Webinar: Aging in Place: Improving Mobility for Older Adults
Wednesday, July 24, 2019
midnight - midnight CDT
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Aging in place can simply be defined as staying in your home as you age; aging in place concerns include mobility, social activities, safety, accessibility, and long term supports and services in one’s neighborhood and society. In order to facilitate aging in place, organizations in Salt Lake County, Utah and the City of Portland, Oregon, provided home modifications to income-qualified older adults that intended to enable aging in place. Such modifications alter individuals’ life-space mobility – a concept recently used by gerontologists and that we introduced to planners – from within one’s home to the broader community. A unique methodological approach taken by researchers merged several existing data collection instruments with additional interview questions of residents who recently received home modifications.
KEY LEARNING OUTCOMES
- Attendees will better understand the concepts of life space mobility and aging in place as it pertains to home modifications.
- Attendees will learn about a unique methodological approach that combined existing instruments with additional interview questions.
- Attendees will hear recommendations for researchers, planners, and policymakers that seek to enhance life space mobility and aging in place.
This webinar is based on a study funded by the National Institute for Transportation and Communities (NITC) and conducted at the University of Utah and Portland State University. Read more about the NITC research: Life-Space Mobility and Aging in Place.
As faculty at Portland State University’s Institute on Aging I co-coordinate the Age-Friendly Portland & Multnomah County initiative and coordinate the Senior Adult Learning Center. Recent research projects include preliminary analysis of the costs of visitability in Portland, age-friendly housing policies in Portland and King County, WA, collaborative projects that sought to identify the value proposition for age-friendly communities and evaluating the intergenerational community, Bridge Meadows, as well as a recent study in partnership with the University of Utah focused on understanding how home modifications impact life-space mobility for older adults. I have taught several courses as part of Portland State University’s Graduate Certificate in Gerontology (College of Urban and Public Affairs), including: Perspectives on Aging, Housing and Environments for the Elderly, Global Aging, and Creating Age-friendly Communities. At Portland State I also hold an affiliate faculty position in the Toulan School of Urban Studies and Planning and an adjunct position in University Studies, where I have taught service-learning Capstone courses including Global Health and Aging: Enhancing Communities in Nicaragua (2010-2017) and Creating Age-Friendly Communities (2009; 2016-18). In addition to scholarship and teaching, I value service to the community and serve as a board member of the Oregon Gerontological Association, a member of the Age-Friendly Portland & Multnomah County Advisory Council, an adviser to Villages NW, and as an appointed volunteer for AARP Oregon; additionally, I have served on several citywide advisory groups and committees including the City of Portland's Residential Infill Project and Office of Civic and Community Life's Code Change Committee.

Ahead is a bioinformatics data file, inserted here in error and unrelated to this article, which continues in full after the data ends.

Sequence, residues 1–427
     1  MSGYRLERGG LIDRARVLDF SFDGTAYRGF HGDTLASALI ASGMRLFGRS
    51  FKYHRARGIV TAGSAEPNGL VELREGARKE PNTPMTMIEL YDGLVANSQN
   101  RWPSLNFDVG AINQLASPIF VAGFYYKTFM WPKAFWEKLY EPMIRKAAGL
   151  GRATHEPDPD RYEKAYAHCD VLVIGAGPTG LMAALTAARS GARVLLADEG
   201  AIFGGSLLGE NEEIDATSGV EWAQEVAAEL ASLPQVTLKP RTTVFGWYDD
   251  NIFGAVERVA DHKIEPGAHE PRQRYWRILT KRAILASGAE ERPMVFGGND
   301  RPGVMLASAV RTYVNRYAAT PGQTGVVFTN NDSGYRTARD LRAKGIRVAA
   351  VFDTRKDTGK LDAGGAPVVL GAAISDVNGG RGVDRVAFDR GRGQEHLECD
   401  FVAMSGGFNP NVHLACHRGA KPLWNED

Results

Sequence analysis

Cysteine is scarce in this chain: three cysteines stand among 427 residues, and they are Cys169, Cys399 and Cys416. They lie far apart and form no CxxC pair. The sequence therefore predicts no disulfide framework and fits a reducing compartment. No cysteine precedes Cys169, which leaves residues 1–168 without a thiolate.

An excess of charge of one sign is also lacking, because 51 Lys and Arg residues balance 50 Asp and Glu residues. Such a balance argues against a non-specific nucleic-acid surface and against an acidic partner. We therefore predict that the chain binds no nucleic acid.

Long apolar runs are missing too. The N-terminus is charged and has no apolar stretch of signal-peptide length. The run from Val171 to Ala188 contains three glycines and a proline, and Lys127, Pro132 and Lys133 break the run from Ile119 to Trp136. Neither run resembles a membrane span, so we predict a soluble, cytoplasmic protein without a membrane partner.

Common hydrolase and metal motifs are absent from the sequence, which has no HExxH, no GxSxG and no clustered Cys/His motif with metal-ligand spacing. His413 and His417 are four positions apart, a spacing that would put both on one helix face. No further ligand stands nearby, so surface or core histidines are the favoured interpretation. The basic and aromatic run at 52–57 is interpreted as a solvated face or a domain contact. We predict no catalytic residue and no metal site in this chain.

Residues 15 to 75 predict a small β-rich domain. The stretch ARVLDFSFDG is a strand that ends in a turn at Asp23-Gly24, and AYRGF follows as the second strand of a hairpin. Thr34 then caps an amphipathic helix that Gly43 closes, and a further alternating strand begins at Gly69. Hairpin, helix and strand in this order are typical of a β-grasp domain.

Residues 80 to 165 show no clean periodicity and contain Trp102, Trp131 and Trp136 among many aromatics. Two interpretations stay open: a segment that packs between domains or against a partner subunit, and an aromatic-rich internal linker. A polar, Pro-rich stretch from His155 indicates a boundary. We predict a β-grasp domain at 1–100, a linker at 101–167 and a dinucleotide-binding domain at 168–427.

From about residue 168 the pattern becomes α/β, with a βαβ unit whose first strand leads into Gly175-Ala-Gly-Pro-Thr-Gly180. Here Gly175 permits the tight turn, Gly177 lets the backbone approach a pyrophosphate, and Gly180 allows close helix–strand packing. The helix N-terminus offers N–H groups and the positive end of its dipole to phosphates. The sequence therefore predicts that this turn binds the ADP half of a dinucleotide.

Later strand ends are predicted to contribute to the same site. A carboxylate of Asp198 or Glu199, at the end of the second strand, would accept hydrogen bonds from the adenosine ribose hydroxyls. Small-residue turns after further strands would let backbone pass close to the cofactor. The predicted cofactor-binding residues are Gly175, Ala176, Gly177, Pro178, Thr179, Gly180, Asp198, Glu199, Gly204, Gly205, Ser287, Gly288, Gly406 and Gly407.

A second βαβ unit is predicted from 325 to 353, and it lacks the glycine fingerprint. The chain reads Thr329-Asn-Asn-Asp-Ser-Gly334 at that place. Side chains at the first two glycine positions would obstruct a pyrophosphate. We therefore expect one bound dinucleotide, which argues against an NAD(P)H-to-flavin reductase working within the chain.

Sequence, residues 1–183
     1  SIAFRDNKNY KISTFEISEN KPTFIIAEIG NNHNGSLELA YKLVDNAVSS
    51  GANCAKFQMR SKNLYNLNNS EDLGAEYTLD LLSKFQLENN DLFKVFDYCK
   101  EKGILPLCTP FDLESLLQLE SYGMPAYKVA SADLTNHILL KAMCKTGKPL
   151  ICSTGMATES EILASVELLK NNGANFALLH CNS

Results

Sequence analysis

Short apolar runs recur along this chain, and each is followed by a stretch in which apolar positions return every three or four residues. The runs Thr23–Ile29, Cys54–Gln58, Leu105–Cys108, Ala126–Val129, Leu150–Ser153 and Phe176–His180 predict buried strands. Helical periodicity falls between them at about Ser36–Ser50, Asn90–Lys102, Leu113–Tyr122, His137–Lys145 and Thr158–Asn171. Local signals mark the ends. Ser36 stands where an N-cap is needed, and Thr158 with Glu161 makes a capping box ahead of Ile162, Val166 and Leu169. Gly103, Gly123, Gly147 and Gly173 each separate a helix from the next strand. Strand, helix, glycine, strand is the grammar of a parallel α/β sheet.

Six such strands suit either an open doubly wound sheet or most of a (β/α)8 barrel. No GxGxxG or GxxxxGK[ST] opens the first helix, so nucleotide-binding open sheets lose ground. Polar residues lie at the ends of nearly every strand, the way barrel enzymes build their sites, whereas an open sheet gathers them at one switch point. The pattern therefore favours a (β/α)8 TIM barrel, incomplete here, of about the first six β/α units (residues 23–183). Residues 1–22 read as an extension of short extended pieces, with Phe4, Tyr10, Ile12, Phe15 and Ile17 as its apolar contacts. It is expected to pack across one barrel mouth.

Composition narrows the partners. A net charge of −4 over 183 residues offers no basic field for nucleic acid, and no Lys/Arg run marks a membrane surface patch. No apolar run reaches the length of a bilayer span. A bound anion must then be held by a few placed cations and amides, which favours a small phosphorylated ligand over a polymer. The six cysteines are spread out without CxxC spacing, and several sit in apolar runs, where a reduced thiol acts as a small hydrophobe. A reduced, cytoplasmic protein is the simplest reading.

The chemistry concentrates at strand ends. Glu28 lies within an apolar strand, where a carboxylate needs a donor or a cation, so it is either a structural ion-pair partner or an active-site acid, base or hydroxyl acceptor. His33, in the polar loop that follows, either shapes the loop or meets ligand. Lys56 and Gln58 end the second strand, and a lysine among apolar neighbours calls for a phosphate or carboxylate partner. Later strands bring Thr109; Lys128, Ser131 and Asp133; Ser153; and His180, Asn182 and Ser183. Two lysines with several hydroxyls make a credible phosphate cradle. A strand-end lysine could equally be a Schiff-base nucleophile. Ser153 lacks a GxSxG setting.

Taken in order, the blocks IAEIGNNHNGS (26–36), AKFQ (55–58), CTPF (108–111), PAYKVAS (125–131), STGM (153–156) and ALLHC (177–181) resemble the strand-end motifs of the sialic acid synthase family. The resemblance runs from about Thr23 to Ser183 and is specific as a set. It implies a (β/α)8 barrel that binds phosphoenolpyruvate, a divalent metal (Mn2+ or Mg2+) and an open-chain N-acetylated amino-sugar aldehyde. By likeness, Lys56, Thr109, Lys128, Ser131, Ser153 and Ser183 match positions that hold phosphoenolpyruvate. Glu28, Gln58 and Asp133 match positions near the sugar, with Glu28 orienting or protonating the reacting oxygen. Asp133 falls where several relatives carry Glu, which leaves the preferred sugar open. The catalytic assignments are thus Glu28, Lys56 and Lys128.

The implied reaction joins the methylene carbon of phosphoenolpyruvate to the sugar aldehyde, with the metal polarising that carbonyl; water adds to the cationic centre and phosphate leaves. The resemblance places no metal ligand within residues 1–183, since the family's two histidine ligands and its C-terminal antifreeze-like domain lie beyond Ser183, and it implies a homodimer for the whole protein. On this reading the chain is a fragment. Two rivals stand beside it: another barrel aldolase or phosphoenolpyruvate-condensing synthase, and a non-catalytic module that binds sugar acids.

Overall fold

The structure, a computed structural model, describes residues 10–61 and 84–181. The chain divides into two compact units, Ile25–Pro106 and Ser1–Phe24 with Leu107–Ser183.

Ivis Garcia Zambrana
Ja Young Kim